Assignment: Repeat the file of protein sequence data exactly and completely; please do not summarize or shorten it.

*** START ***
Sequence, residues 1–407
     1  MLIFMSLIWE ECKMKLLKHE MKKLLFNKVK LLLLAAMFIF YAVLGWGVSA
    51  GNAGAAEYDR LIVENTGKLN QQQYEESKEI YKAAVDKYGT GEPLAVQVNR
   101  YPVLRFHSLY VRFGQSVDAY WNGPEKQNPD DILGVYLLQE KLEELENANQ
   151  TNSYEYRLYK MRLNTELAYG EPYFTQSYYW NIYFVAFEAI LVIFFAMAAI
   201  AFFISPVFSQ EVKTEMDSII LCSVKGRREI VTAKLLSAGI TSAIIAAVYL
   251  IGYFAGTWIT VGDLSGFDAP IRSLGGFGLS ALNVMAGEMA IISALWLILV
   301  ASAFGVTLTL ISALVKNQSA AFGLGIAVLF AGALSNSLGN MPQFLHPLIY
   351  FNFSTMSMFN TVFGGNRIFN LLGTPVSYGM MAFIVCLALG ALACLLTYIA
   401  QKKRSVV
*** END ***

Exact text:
Sequence, residues 1–407
     1  MLIFMSLIWE ECKMKLLKHE MKKLLFNKVK LLLLAAMFIF YAVLGWGVSA
    51  GNAGAAEYDR LIVENTGKLN QQQYEESKEI YKAAVDKYGT GEPLAVQVNR
   101  YPVLRFHSLY VRFGQSVDAY WNGPEKQNPD DILGVYLLQE KLEELENANQ
   151  TNSYEYRLYK MRLNTELAYG EPYFTQSYYW NIYFVAFEAI LVIFFAMAAI
   201  AFFISPVFSQ EVKTEMDSII LCSVKGRREI VTAKLLSAGI TSAIIAAVYL
   251  IGYFAGTWIT VGDLSGFDAP IRSLGGFGLS ALNVMAGEMA IISALWLILV
   301  ASAFGVTLTL ISALVKNQSA AFGLGIAVLF AGALSNSLGN MPQFLHPLIY
   351  FNFSTMSMFN TVFGGNRIFN LLGTPVSYGM MAFIVCLALG ALACLLTYIA
   401  QKKRSVV